Busch Gardens Tampa Bay announces a baby spotted hyena has just been introduced to the park’s hyena group or clan at the Edge of Africa habitat.
The 20 week old male cub was born at the park on April 3rd 2016 and is named “Mandazi” for his sweet personality after a traditional pastry found on the Swahili coast. He is healthy and being cared for by first time mother 8 year old Taziki, who was also born at Busch Gardens. The 16-year-old sire – Makali came to Busch Gardens in 2008 from The University of California Berkley’s Hyena Project which focused on behavioral research.
While hyenas are currently not endangered, their populations and habitats are shrinking in the wild due to issues like poaching, human conflict and habitat destruction. This latest birth is part of Busch Gardens’ partnership with the Association of Zoos and Aquariums’ (AZA) Species Survival Plan (SSP).
Hyenas live in matriarchal social groups where females, weighing up to 165 pounds are typically larger than the males. Like other African carnivores, hyenas are important for the health of hoofed animal populations by weeding out the weak and sick as prey to keep the balance between the herds and their food resources.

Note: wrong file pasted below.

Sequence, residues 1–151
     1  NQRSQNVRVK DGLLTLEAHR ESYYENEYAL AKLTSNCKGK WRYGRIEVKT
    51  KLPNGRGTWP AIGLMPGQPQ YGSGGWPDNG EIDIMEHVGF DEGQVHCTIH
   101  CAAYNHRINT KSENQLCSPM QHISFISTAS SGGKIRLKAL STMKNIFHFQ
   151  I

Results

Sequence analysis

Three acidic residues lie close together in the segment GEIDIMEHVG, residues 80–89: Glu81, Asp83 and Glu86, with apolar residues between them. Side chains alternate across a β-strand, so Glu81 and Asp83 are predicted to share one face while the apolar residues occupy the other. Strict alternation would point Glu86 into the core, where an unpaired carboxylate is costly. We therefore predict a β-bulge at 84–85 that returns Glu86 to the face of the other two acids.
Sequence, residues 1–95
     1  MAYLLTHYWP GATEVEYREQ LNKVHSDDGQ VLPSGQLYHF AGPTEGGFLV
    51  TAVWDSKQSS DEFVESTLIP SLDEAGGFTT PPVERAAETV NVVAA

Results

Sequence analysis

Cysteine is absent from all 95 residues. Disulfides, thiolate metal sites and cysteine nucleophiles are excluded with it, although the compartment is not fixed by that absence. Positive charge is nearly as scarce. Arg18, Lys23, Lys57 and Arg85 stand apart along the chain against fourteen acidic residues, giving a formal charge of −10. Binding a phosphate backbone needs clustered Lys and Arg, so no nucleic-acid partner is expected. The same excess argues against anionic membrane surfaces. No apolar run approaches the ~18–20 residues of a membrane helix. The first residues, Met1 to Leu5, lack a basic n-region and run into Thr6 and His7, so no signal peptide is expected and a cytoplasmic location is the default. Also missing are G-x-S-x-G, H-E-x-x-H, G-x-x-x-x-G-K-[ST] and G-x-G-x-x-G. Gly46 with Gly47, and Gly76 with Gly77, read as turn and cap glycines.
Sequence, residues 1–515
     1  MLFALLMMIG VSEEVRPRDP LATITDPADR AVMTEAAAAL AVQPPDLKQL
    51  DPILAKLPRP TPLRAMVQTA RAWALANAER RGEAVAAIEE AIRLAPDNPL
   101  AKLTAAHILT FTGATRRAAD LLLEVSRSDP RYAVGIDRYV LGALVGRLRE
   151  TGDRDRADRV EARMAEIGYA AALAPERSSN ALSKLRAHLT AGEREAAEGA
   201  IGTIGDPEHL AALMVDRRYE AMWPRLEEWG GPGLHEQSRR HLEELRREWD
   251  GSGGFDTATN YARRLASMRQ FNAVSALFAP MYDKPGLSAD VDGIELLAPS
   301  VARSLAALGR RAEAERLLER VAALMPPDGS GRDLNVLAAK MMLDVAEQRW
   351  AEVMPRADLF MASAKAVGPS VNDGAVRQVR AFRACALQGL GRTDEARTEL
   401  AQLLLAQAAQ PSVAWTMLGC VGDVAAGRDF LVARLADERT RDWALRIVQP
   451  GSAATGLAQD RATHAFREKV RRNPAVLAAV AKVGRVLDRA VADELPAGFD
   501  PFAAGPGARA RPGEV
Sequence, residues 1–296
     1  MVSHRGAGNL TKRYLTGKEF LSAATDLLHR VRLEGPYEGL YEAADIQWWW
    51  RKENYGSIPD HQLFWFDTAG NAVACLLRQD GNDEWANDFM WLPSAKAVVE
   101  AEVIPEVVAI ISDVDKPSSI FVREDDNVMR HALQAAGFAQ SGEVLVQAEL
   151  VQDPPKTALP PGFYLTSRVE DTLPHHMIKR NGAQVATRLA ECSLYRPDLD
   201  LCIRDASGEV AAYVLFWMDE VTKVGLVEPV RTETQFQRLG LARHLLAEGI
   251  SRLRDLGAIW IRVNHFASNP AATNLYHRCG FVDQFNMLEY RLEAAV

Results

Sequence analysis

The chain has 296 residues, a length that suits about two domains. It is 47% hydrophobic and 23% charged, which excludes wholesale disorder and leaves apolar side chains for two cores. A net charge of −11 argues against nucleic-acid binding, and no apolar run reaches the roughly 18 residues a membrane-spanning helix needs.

Since 2008, the SeaWorld & Busch Gardens Conservation Fund has supported the research and conservation of the spotted hyena and other African carnivores. Although thought by many to be scavengers, spotted hyenas are excellent hunters. In fact, hyenas are particularly efficient predators since they are capable of digesting bones, horns and even the teeth of their prey. Typically more successful at hunting than other African predators, hyenas often have their prey items stolen by lions, rather than the other way around.
*Guests can see the baby hyena in the Edge of Africa area of the park or on the Heart of Africa tour*